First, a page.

Cases of colon cancer among younger people is on the rise even as the rate for those older than 50 decreases, a phenomenon that is leading to more missed diagnoses. Such was the case for a 44-year-old Maryland woman who seven years ago went to doctors with all the symptoms of colorectal cancer, including diarrhea, vomiting, cramping, iron deficiency and extreme fatigue. Her doctors evidently thought she was too young to have the disease, so Carol Carr was never tested for colorectal cancer.
A Brooklyn mother of three went to her local hospital complaining of pain. She was treated in the emergency room, where she was diagnosed as having kidney stones, was given a painkiller and sent home. The next day, still in pain, she called 911 but the New York Fire Department did not send an ambulance. The day after that, her fiance took her to the hospital himself. The woman, Tabitha Millings, was diagnosed this time with sepsis that had become gangrenous. She lapsed into a coma. When she awoke, she found that her hands and feet had been amputated and she was legally blind in one eye.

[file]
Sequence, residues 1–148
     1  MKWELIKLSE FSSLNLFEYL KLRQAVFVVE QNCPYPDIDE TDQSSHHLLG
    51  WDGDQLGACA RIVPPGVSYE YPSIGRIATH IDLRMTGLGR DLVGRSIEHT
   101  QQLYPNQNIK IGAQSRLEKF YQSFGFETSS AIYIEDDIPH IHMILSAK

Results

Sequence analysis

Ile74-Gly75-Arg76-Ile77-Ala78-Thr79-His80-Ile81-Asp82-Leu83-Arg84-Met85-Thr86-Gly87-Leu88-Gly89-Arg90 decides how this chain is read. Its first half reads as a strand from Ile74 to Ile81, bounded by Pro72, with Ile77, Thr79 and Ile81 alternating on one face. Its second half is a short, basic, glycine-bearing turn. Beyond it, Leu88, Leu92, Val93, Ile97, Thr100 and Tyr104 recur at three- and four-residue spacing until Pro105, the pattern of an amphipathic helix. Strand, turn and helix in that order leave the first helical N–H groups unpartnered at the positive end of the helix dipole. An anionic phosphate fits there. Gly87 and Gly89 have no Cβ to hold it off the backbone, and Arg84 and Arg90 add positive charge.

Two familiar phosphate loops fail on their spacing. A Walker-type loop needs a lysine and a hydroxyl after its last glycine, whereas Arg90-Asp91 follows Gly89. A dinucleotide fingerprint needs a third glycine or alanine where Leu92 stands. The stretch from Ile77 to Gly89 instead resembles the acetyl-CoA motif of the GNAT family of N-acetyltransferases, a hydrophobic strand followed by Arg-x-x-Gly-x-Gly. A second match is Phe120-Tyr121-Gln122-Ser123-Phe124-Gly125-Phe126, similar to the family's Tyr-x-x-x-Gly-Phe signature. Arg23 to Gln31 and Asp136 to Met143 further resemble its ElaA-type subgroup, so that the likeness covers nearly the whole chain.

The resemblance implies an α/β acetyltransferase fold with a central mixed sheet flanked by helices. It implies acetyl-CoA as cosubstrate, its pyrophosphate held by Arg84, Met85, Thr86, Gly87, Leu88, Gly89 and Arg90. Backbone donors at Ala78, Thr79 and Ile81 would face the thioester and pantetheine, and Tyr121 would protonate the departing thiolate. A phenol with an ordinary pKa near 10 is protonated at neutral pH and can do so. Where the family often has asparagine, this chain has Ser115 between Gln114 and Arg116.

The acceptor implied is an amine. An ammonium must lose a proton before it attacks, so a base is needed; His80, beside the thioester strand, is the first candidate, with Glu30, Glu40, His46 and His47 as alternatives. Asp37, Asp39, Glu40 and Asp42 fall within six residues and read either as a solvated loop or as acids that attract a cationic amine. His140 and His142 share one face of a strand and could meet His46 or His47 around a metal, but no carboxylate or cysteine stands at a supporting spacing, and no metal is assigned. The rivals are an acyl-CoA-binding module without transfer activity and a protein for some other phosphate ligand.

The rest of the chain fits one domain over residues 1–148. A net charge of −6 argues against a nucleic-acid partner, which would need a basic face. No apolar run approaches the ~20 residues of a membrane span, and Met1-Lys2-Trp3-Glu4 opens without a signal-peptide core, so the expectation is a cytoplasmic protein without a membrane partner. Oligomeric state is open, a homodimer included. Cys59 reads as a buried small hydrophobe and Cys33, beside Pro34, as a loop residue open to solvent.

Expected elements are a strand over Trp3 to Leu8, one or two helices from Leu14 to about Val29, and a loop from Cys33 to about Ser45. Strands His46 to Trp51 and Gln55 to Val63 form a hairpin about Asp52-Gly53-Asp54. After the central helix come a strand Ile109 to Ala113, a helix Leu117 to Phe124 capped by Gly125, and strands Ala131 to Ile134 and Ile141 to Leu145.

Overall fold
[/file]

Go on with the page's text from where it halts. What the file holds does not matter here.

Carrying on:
Acclaimed Chicago chef Grant Achatz has reached an undisclosed settlement with a dental clinic in a missed-cancer diagnosis case. The case involved a cancerous growth in a place where it could have ended the career of Achatz – it was on his tongue. Achatz years ago noticed a small, white dot on the left side of his tongue about the size of a bread crumb, according to an account in The Chicago Sun-Times. A dentist thought it was merely a stress-related irritation from gnawing his tongue and prescribed a mouth guard. A biopsy was performed that came back negative.